Sikh religion was founded by Guru Nanak in the form of ten Gurus (1469-1708) in India.
The idealistic approach of Sikhism is that it recognizes the existence of the same heavenly Light in every human being rich, poor, high or low irrespective of caste, creed, color, race, sex, religion or nationality. Therefore the doors of the Sikh temple called Gurdwara (House of the Guru) are open for all without any prejudice or social discrimination. Every person has the equal right to enter and join the services in the Gurdwara.
AIHT President Michael Parker had the pleasure of meeting Gulbarg Singh Basi, President of American Sikh Council at the Parliament of The World Religions in Salt Lake City.
Religion is apparently weakening in America. A new report from the Pew Research Center shows that the percentage of Americans who say they believe in God, pray daily, and attend church regularly is declining.
Among the findings:
- The share of Americans who say they are “absolutely certain” that God exists has dropped eight percentage points, from 71 percent to 63 percent, since 2007, when the last comparable study was made.
- The percentage of adults who describe themselves as “religiously affiliated” has shrunk six points since 2007, from 83 percent to 77 percent.
- The shares of the U.S. adult population who consider religion “very important” to them, pray daily, and attend services at least once a month have declined between three and four percent over the last eight years.
The shift is small but statistically significant, according to the authors, given that the changes have taken place in a relatively short period of time, and the survey sample is large enough (about 35,000 U.S. adults) to be considered reliable.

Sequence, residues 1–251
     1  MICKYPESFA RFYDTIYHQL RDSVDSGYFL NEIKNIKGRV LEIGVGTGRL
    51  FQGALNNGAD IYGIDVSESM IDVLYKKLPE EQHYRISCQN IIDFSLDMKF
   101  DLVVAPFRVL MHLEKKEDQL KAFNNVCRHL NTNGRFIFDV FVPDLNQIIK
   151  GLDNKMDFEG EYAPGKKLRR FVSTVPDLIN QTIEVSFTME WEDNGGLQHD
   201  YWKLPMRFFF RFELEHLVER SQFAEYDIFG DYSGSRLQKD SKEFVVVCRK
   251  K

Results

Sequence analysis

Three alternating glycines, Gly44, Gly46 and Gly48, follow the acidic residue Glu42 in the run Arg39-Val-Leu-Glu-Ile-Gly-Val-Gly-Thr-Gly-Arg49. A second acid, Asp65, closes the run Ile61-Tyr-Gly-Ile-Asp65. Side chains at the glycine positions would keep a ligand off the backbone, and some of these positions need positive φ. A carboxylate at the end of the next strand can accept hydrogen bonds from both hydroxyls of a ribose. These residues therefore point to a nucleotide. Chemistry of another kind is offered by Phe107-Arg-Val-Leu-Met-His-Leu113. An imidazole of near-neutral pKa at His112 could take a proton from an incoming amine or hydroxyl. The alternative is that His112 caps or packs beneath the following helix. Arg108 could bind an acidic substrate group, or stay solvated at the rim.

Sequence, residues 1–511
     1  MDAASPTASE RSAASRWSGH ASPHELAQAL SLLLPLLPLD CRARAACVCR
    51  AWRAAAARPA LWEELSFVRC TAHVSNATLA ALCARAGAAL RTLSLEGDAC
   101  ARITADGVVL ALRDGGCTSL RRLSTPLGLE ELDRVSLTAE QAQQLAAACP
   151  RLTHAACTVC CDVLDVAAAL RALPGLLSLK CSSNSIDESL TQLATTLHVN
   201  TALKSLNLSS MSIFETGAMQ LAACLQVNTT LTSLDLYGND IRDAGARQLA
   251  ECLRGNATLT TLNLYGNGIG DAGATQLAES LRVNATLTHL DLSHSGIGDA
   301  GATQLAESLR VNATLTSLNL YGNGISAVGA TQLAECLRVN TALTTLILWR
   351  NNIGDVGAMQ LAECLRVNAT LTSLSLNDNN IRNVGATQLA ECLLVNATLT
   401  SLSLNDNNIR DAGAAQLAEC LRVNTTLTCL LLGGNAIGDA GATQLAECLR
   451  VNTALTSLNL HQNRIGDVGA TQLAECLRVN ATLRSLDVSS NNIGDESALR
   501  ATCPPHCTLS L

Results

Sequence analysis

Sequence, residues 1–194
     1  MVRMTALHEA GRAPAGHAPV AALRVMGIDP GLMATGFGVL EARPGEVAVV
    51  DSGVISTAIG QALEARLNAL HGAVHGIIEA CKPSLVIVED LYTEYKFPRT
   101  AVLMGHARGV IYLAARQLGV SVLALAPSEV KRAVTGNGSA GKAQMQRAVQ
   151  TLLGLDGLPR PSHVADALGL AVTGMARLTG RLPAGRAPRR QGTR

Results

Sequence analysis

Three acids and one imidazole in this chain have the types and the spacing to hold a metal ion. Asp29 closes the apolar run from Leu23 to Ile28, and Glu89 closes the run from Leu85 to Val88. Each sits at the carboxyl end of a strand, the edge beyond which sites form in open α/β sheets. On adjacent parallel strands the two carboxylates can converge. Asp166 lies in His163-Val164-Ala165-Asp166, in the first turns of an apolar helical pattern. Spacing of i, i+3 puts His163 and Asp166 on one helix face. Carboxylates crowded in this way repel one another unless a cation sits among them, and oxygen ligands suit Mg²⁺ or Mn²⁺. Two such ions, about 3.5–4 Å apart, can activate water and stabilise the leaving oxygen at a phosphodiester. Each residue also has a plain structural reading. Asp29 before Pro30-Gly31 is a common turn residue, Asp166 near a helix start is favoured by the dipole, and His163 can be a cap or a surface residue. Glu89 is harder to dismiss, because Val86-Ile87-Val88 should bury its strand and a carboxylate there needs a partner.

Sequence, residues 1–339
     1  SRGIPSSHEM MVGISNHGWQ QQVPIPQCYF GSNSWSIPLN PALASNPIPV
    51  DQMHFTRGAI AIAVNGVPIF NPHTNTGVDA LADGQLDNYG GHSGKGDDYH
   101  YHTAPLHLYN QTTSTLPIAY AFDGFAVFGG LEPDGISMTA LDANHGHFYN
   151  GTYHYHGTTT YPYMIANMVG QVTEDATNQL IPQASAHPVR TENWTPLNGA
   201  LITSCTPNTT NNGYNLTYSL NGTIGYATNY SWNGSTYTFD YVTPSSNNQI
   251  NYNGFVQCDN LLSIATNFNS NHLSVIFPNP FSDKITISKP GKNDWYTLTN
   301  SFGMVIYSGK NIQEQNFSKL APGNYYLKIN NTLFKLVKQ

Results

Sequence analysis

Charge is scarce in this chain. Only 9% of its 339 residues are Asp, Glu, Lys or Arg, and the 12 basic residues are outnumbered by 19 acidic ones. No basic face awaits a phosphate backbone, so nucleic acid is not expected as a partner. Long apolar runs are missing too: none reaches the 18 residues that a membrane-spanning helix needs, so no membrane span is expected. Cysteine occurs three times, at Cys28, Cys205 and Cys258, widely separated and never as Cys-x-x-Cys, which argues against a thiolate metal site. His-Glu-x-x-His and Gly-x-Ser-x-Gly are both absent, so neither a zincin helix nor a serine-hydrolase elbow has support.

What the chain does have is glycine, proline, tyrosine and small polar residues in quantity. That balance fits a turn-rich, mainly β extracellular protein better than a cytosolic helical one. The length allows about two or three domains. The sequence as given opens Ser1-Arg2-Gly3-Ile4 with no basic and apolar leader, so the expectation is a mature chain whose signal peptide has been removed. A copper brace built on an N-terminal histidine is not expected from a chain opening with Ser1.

EXPLORE – MHH215 • HEALING WITH LIGHT, COLOR, AND MUSIC
The natural world offers light, color and sound as healing. This course studies the various methodologies and techniques in the use of these natural resources to prevent and heal emotional, physical and psychological issues.
The 2015 Parliament was truly an inspiring experience of “Reclaiming the Heart of our Humanity”; bringing people of different faiths together working for a more peaceful, just and sustainable world.
Under one roof, Buddhist, Muslims, Christians, Jews, Pagan, and Humanists came together to share ideas and discuss important matters facing our humanity today. It was a harmonious gathering of people of different faiths and cultures.
As we walked down the hallways we experienced the culmination of all cultures with our senses. You could hear people singing, see groups dancing, people in meditation and smell mystical scents. Experiencing this culmination of faith and cultures opens your eyes and inspires.
This experience opens the door to how we should embrace our differences and use our beliefs to face the challenges of the world today. As we look deeper into the souls of our brothers and sisters, we come away with the knowledge that we have much in common. We can all arrive at the same destination even though our faiths may take us down different paths. We must celebrate with tremendous optimism about our collective destiny.
It was an honor to represent AIHT and to spread its mission to this diverse community. AIHT’s mission of offering an education that provokes thought and challenges spiritual development resonates with the theme of The 2015 Parliament. It is exciting to know that AIHT students and graduates will offer the openness and compassion of interfaith action to the ever evolving world in which we live transforming their own lives and touching many other lives throughout the world.